remember the day he handed me THE MONKEY'S RAINCOAT by
Robert Crais. "Read this," he said. I was
surprised that it was a paperback. I bought it and read
it. It was wonderful. I believe Otto knows more about
mysteries than anyone in the world. He has, and
continues to be, a great help to me in developing my
I stated before that reading is an art. I believe
that. Knowing how to read a book takes time,
and I am still learning how to read books. I have read
thousands of them, yet my understanding
of the reading process continues to develop and
is made of writing
in our modern world; everyone wants to write a book. Why
not? It is a worthwhile and
wonderful thing to do.
I highly recommend that everyone do it.
trying to write a
book without learning how to read a book is like trying
to make the Olympic swim team after swimming competitively
in high school.
the craft of writing takes a long time. It is an
evolutionary process that never ends.
Reading is a critical part of learning the craft. Too
many writers rush their work into
publication, then give up when the rejection letters
start filling their mailboxes.
Getting a book published takes not only
talent, it takes time. I have written three books
that were never published. They sit in my drawer
A couple of years ago I would have told you that writing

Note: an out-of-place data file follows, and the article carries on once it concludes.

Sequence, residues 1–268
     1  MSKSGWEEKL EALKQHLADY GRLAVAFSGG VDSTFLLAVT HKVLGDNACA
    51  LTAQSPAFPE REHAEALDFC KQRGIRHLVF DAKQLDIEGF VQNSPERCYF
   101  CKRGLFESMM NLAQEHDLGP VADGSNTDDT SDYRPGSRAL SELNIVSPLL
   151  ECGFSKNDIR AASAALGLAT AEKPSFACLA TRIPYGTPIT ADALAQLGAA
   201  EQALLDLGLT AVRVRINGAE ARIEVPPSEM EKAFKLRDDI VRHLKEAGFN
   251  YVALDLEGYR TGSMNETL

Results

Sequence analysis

these books was a waste of
time. I spent countless hours writing and doing research
to make these books the best books
I could write. I found agents and came close, but none
of them were published.
one day I came up with an idea, one that had been
lurking in the back of my mind
for years. Why not take the skills I had as a reader and
use them to interview authors? The road became more visible,
the piles of books began growing larger.
decided to use the internet as the initial method of
distributing what has become The Kacey Kowars show,
www.kaceykowars.com. I found an editor, Chuck Adkins,
who is an integral part of what I do. I met a webmaster,
Marilyn Knapp Litt, who does Tim O'Brien's website.
I spent a week at The Sewanee Writer's Conference in
July, 2004 doing my initial interviews. The stage was
I knew that I needed a strong line-up to attract
listeners. Time is a precious commodity in
today's world. My interviews last between thirty to
forty-five minutes. I aired my first interview
on August 7, 2004. My first guest was Andre Dubus lll,
the author of HOUSE OF
SAND AND FOG.
agreed to be my first guest because of my relationship
father, and because he saw that I was trying to promote
the reading of good literature; in
his words, "a holy word". I will be eternally
grateful to Andre, and his father, for helping me
out when I needed it.
O'Brien was my second guest. My weekly interviews caught
on and the road I was travelling on rolled out in front
of me. Forget about the books along the road, they have now
taken over one lane of the highway, and I could not be
happier that they are there.
would also like to thank my parents for encouraging me
to read. They always gave me the
money to buy comic books, and when I was old enough they
got me a library card.